GALV-GP-R expression was demonstrated to increase ICD in vitro as demonstrated by increased exposure of ecto-calreticulin and release of intracellular ATP and HMGB1. We also observed an increase in both local (i.e. injected or enestic) and systemic (i.e. uninjected or anenestic) [34] anti-tumor effects in unilateral mouse xenograft and/or bilateral tumors in immune competent rats. Increased CD8+ T cells and PDL1 expression levels in tumors were also observed. Consistent with the increased expression of PD-L1, we also found further improvement in therapeutic responses in combination with PD1 blockade in immune competent mice bearing established A20 tumors. In order to test the impact of GALV-GP-R in an immune competent host, we utilized the rat 9 L glioma model since rats, unlike mice, express a version of the PiT1 receptor which is compatible with GALV-GP-R. In this model, Virus 16 also demonstrated significant tumor regression in both injected and uninjected tumors, which is particularly notable since the tumors in this model are substantially larger than is possible in mice. Collectively, these data support the clinical development of the human version of Virus 16, i.e. expressing human rather than mouse GM-CSF (Virus 17; RP1), which has entered clinical trials in a number of solid tumor types in combination with anti-PD1 therapy [35].

This prototype and initial clinical development candidate virus was then used as the basis from which to express further therapeutic genes aimed at amplifying the immune effects achieved. Here, the intention was to focus on the delivery of genes encoding proteins which exert their action at the site and time of immune response initiation (i.e. in injected tumors and draining lymph nodes), rather than through expression of proteins which would be required systemically to have their maximum effect. An example of the former includes CTLA-4 blockade, as CTLA-4 inhibits the induction of immune responses by competing with CD28 for binding to B7 on antigen presenting cells, making local intratumoral delivery an attractive option. An example of the latter would include anti-PD1 or -PD-L1 antibodies, since the PD1/L1 interaction inhibits the effector immune response systemically at the T cell/tumor interface, rendering local, virus-driven expression less appealing. Immune co-stimulatory pathway-activating proteins are also inviting candidates for intratumoral delivery, since they are expected to act at the site of immune response initiation to stimulate T cells. In addition, for these potentially toxic molecules, intratumoral delivery would restrict expression to the tumour compartment and might be expected to reduce the side effects that have occurred with systemic agonistic antibody-based approaches.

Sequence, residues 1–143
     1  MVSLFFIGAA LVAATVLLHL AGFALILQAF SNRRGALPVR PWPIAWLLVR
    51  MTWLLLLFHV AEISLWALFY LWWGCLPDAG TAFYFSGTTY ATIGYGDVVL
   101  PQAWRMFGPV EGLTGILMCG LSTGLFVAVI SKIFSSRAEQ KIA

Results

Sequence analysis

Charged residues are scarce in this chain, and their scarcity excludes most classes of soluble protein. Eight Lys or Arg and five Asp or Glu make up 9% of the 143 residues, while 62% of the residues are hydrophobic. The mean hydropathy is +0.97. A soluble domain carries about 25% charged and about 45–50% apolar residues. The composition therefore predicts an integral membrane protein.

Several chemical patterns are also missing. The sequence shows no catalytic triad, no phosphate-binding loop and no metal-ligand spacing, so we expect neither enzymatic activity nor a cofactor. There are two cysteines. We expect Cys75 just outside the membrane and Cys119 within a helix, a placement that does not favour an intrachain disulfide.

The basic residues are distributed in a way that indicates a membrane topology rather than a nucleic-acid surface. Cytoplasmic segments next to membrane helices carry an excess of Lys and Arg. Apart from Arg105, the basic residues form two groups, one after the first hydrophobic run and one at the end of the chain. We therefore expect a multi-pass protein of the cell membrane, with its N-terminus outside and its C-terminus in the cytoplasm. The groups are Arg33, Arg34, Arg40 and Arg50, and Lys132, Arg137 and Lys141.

Initial viruses expressed an anti-CTLA-4 antibody-like molecule or immune co-stimulatory pathway-activating ligands (CD40L, 4-1BBL or OX40L). In each case, local delivery was demonstrated to increase the anenestic effect, validating the approach and providing further candidate viruses for clinical development. Overall, it is intended that the modular system developed will be used to express additional candidate therapeutic genes individually and in combination as promising candidate target pathways continue to be identified as the immune-oncology field matures.

Conclusion

We report the development of a new oncolytic immunotherapy platform based on HSV-1 from the starting point a new clinical strain of HSV-1 isolated from an individual with herpes cold sores. This strain, RH018A, was further developed for oncolytic use by deletion of the ICP34.5 and ICP47 encoding genes and insertion of a gene encoding the fusogenic protein GALV-GP-R. This led to an increase in the direct oncolytic effect and in immunogenic cell death in vitro. Treatment of xenograft models demonstrated that GALV-GP R enhanced direct tumor killing in-vivo and treatment of a syngeneic tumor model demonstrated enhanced anenestic responses. As expected, treatment effects were further improved in combination with PD1 blockade. This platform virus, which also expressed GM-CSF, was then used to express further therapeutic genes aimed at amplifying the immune effects achieved, an anti-CTLA-4 antibody-like molecule, or immune co-stimulatory pathway-activating ligands (CD40L, 4-1BBL or OX40L). In each case, local delivery was demonstrated to increase the anenestic effect, validating the approach and providing further candidate viruses for clinical development.